If you’re looking for a brief summary on a topic in history you’re in the right place! You can find reading passages for U.S. History and World History topics to download as a PDF copy for yourself. If you need a digital copy there is a Google link provided as well.
This is an ongoing project, so stop back frequently and see what we’ve added. When I say “we” I mean my brother and I. I have been teaching social studies for 19 years and my brother, Joe, is an historian. Between the 2 of us we create these reading passages.
TO VIEW A DIRECTORY ALL OF THE U.S. HISTORY PASSAGES CLICK HERE.
Below is a picture of each page. Click on the link to download your PDF copy.
How about having your kiddos act out the case in the Supreme Court? It’s a GREAT way to encourage students to absorb the content, experience how the Supreme Court works AND have a great time!
The script includes 14 different roles, so a large portion of your class gets to participate and ham it up. After acting out the case there is a writing prompt to finish off the lesson (we ARE teachers and it can’t be ALL fun!) Just click below to check it out.
MIRANDA VS. ARIZONA
The Supreme Court, led by Chief Justice Earl Warren, handed down many decisions in the 1960s protecting criminal defendants. Some were very controversial, said to wrongly hinder law enforcement. The proper balance continues to be debated.
Bill of Rights
When someone is arrested, or even merely taken into governmental custody for questioning, a person’s freedom is significantly limited in various ways. The people were aware of this when the Constitution was being written. They wanted some clear limits on governmental power, some clear expression of the rights of the people. The Fourth to Eighth Amendments particularly address these concerns.
Assistance of Counsel
Those accused of a crime have a right to a lawyer (counsel) to help defend them, which is not only important to help the innocent, but to overall help everyone make sure their rights are being defended. This is essential for equal justice of the law.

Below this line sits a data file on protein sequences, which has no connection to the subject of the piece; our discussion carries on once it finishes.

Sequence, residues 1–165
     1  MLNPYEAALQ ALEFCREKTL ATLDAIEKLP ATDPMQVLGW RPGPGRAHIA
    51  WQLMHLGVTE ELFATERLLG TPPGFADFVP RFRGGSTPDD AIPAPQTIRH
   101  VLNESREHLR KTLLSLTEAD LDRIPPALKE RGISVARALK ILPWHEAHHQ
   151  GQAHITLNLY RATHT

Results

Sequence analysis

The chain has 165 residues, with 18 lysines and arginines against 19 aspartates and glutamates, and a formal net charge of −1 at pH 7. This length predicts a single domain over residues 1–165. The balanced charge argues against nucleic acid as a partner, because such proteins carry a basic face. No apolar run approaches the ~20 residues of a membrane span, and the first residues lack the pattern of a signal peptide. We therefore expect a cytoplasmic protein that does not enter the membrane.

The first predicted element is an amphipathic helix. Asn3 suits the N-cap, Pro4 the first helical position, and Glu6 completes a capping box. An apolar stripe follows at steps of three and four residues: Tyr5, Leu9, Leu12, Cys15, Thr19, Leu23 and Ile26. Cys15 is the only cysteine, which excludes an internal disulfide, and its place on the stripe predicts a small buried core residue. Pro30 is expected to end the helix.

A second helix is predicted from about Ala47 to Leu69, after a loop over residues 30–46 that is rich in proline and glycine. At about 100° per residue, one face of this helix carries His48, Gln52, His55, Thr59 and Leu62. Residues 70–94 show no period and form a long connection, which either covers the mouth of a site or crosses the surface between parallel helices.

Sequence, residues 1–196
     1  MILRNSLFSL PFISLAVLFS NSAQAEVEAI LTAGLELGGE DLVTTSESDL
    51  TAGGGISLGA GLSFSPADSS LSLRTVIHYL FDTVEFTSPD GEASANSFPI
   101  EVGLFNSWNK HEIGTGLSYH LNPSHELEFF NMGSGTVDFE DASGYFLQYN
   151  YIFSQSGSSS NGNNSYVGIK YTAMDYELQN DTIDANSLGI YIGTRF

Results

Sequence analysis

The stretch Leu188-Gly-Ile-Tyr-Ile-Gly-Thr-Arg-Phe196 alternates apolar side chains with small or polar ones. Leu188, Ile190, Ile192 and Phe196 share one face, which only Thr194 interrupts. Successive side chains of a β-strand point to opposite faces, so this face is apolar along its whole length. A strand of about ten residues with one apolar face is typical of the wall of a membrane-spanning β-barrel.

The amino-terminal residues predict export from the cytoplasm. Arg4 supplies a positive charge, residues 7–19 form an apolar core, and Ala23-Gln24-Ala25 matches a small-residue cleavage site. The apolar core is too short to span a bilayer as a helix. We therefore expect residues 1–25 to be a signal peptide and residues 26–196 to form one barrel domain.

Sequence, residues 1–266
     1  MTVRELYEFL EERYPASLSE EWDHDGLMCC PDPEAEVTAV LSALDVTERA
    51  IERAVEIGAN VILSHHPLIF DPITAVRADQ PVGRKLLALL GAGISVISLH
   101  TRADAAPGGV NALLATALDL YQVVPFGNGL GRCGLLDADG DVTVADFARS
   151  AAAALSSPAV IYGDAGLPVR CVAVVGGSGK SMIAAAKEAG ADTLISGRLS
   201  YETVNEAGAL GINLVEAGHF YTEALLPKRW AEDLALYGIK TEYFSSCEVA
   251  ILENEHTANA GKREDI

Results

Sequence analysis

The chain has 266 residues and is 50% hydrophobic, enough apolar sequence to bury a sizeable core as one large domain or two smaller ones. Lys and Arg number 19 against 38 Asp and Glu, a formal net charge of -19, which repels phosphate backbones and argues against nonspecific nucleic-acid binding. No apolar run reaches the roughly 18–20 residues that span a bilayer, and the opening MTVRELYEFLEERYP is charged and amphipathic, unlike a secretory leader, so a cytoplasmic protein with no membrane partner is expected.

The Supreme Court held that if such a person could not afford a lawyer, the government is required to provide one. Furthermore, the Supreme Court also held that while a person is being questioned by the police trying to obtain a confession, while in custody, they also have a right to request assistance of counsel.
Right to Remain Silent
The common expression “Taking the Fifth” refers to declaring a right to enjoy the protection found in the Fifth Amendment preventing anyone from being “compelled in any criminal case to be a witness against himself.” Note this does not cover a lawsuit, such as if John sues Mary for failure to pay a debt. That is a civil, not a criminal case. Also, a person might be required to be a witness in a criminal case if the person is protected from prosecution. This is called “immunity.”
A person can decide to testify anyway, just as they can decide they do not need a lawyer. But, if they do so, they are at risk of having their words used against them. They are at risk of the government asking them questions, questions they must answer truthfully or be at risk of prosecution for perjury, sometimes bringing out other things that they wish to remain private. Things that might get them in trouble, even if they are actually innocent. Since they look guilty, such as past crimes they committed having nothing to do with the issue at hand.
Ernesto Miranda was taken into police custody for questioning, the police believing he was guilty of kidnapping and rape. After a few hours of questioning, he confessed, saying he did so voluntarily. But, he was not warned of his right to remain silent or to have a lawyer. He was convicted based on this confession, but challenged his conviction, arguing the confession was not truly voluntary. Miranda himself did not do so, of course; he had lawyers available to appeal his conviction.
In 1966, in an opinion written by Chief Justice Warren, Miranda’s conviction was overturned. The Supreme Court said that before you questioned someone in police custody you had to tell them of their right to remain silent, that anything they said could be used against them, that they had a right to a lawyer and one would be provided to them if they could not afford one. These are now called “Miranda warnings.” Miranda, however, was convicted again anyway, based on other evidence.
The ruling remains controversial. Four of nine justices dissented, arguing that there was no finding in that case that Miranda’s confession was unfairly obtained. Sometimes, perhaps, that might happen. Sometimes, police would mistreat someone to pressure them to confess. Then, you can keep it out. However, the warnings are not constitutionally necessary, and saying so would wrongly make it harder to fight crime. Such concerns continue today, proper police limits greatly debated.
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